Tuesday, September 26, 2017

Some thoughts on tech and skills in the classroom

In my last blog post I made the following statement regarding tech in the classroom "Just because something is better for me as a teacher doesn't mean it is best for my students and this just might be an example of that." After writing those words and hitting "publish" I kept thinking about them and felt the need to address the real issue that led me to write those words. 

In my last post, I talked about challenges I was facing with reflective grading. A major challenge this school year has been consistent and equitable access to technology for my students. That week, I had to pull the plug on using technology to submit their reflections because I could not promise my students would have consistent and equal access to the technology required to do that. In that moment, technology was making my life easier but it was making things inequitable for my students. It was clear that I needed to make a change. 

But I have a huge problem with this. There are two conversations we can have about using technology in the classroom: one is a pedagogy based discussion on how technology allows for the 4 C's (critical thinking, communication, collaboration, creativity) to happen more effectively and efficiently in classrooms. I hope to write many posts in the future about this conversation but that is not my focus today. 

Today I want to talk about the more practical argument about skills that I often see pushed aside on Twitter or in PD on Educational Technology. Often education experts, administrations, TOSAs ask teachers to ensure that they are using technology in a way that embraces the 4C's, and how that should be the main goal and purpose behind using technology. I completely agree, we have to make sure every lesson we do is meaningful and purposeful whether it uses technology or not. But sometimes I sit in a room full of teachers who have only ever been teachers and I worry about when and where my students will learn the basic computer skills I needed to get a decent job.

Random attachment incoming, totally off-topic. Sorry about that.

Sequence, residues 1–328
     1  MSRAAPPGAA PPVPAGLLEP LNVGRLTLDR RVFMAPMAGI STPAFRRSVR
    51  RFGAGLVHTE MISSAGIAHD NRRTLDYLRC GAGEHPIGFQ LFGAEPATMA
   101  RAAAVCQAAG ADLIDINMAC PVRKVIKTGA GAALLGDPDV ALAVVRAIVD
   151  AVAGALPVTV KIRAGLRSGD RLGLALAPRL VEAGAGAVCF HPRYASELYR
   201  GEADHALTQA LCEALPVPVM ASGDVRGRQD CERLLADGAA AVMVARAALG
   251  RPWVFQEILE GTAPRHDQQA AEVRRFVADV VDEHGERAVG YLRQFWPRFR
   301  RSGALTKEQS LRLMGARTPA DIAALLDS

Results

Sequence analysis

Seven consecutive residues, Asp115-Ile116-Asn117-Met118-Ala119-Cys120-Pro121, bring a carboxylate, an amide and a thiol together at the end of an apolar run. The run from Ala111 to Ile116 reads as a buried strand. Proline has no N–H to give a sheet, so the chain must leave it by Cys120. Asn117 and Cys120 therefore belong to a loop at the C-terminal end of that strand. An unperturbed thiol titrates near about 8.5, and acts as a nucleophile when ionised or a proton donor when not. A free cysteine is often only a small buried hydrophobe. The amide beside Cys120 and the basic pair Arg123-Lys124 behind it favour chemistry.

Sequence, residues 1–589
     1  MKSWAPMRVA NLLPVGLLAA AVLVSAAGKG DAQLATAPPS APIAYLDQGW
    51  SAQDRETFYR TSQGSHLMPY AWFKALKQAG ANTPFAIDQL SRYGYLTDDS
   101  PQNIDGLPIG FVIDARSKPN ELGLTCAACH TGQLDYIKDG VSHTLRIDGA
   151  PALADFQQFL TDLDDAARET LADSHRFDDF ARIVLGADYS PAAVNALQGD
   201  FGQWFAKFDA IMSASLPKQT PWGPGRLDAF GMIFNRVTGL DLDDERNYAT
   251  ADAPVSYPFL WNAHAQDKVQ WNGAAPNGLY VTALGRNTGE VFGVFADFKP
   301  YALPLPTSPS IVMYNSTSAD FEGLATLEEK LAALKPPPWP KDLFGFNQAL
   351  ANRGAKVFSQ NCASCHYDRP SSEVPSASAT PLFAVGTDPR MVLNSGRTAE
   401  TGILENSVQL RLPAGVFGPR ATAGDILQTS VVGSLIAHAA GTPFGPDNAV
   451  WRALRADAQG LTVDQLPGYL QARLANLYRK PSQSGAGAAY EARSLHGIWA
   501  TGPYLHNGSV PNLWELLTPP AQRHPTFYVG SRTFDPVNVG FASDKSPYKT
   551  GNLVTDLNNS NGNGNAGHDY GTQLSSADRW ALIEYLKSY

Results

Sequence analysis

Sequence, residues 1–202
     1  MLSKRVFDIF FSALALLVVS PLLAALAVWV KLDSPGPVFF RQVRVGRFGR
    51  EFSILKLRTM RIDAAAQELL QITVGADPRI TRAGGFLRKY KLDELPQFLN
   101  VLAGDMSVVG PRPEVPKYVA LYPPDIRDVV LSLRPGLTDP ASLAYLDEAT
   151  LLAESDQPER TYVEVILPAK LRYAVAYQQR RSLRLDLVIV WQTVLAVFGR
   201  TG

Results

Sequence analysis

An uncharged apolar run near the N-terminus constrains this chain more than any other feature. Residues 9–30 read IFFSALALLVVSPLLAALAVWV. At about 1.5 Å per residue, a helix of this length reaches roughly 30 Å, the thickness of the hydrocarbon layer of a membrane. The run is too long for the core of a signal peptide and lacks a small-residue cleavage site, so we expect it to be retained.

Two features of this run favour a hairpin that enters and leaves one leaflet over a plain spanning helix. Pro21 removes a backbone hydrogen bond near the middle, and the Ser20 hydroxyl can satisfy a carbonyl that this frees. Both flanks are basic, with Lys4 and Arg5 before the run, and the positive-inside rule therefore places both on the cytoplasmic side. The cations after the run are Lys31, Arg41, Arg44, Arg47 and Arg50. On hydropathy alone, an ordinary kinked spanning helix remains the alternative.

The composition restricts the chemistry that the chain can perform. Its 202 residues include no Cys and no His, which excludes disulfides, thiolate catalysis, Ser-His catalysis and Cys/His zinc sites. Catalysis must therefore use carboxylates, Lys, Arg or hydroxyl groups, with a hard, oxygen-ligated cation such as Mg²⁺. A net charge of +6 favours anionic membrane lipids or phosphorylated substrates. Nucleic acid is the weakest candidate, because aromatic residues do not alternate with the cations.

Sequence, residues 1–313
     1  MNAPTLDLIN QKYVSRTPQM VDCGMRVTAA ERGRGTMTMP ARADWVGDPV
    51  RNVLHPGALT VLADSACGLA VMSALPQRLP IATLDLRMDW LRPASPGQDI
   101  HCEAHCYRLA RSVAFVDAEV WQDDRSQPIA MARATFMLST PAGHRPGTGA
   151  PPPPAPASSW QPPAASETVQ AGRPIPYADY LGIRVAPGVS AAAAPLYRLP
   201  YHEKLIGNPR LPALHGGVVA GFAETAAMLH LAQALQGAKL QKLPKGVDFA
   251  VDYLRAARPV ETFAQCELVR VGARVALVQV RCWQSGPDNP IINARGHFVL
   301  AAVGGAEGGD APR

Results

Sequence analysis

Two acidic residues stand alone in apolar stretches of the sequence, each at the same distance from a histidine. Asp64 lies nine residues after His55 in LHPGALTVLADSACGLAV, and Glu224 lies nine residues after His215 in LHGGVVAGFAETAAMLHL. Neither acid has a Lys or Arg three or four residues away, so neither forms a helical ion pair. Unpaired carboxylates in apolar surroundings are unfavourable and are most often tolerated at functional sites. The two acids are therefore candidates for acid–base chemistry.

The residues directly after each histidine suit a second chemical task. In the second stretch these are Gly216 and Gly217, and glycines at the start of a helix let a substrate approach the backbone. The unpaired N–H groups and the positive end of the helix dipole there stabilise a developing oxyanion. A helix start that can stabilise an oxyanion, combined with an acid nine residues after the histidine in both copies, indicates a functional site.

I feel stupid for writing that last sentence. I feel like if I raised my hand in a meeting and asked "how are they going to learn this?" the answer would be "we offer a computer class as an elective!" But that isn't good enough because not every student is going to take that class. And these are skills that every student needs.

For every company I worked for (and I worked for a lot of them, I graduated college in 2007 when there were no steady jobs for graduates because of the recession) my skills on a computer and my ability to adapt to technology were tested. Are there jobs out there where you will never touch a computer? Sure, maybe, it's totally possible. But if our goal is to make students college and career ready and we are looking at what we can do in our own classrooms to help our students reach that goal, it makes sense to offer digital options to help build those skills.